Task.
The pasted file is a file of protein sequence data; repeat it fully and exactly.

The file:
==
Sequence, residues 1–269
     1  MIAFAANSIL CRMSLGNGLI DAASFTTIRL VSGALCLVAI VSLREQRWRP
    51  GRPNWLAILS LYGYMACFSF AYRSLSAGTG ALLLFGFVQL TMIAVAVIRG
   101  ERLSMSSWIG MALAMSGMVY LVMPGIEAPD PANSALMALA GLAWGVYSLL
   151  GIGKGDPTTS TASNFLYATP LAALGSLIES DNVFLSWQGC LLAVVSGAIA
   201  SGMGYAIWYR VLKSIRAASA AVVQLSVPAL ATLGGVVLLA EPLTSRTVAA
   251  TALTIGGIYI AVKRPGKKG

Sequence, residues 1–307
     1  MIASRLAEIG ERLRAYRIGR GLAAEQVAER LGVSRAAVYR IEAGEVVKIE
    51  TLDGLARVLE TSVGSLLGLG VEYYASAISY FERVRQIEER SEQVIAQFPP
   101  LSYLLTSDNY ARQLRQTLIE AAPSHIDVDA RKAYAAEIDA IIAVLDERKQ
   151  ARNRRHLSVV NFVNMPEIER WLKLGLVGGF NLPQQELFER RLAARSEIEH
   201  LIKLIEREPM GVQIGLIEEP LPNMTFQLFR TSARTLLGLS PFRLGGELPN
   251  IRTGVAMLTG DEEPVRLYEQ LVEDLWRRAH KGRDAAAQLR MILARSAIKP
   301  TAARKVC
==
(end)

Sequence, residues 1–269
     1  MIAFAANSIL CRMSLGNGLI DAASFTTIRL VSGALCLVAI VSLREQRWRP
    51  GRPNWLAILS LYGYMACFSF AYRSLSAGTG ALLLFGFVQL TMIAVAVIRG
   101  ERLSMSSWIG MALAMSGMVY LVMPGIEAPD PANSALMALA GLAWGVYSLL
   151  GIGKGDPTTS TASNFLYATP LAALGSLIES DNVFLSWQGC LLAVVSGAIA
   201  SGMGYAIWYR VLKSIRAASA AVVQLSVPAL ATLGGVVLLA EPLTSRTVAA
   251  TALTIGGIYI AVKRPGKKG

Sequence, residues 1–307
     1  MIASRLAEIG ERLRAYRIGR GLAAEQVAER LGVSRAAVYR IEAGEVVKIE
    51  TLDGLARVLE TSVGSLLGLG VEYYASAISY FERVRQIEER SEQVIAQFPP
   101  LSYLLTSDNY ARQLRQTLIE AAPSHIDVDA RKAYAAEIDA IIAVLDERKQ
   151  ARNRRHLSVV NFVNMPEIER WLKLGLVGGF NLPQQELFER RLAARSEIEH
   201  LIKLIEREPM GVQIGLIEEP LPNMTFQLFR TSARTLLGLS PFRLGGELPN
   251  IRTGVAMLTG DEEPVRLYEQ LVEDLWRRAH KGRDAAAQLR MILARSAIKP
   301  TAARKVC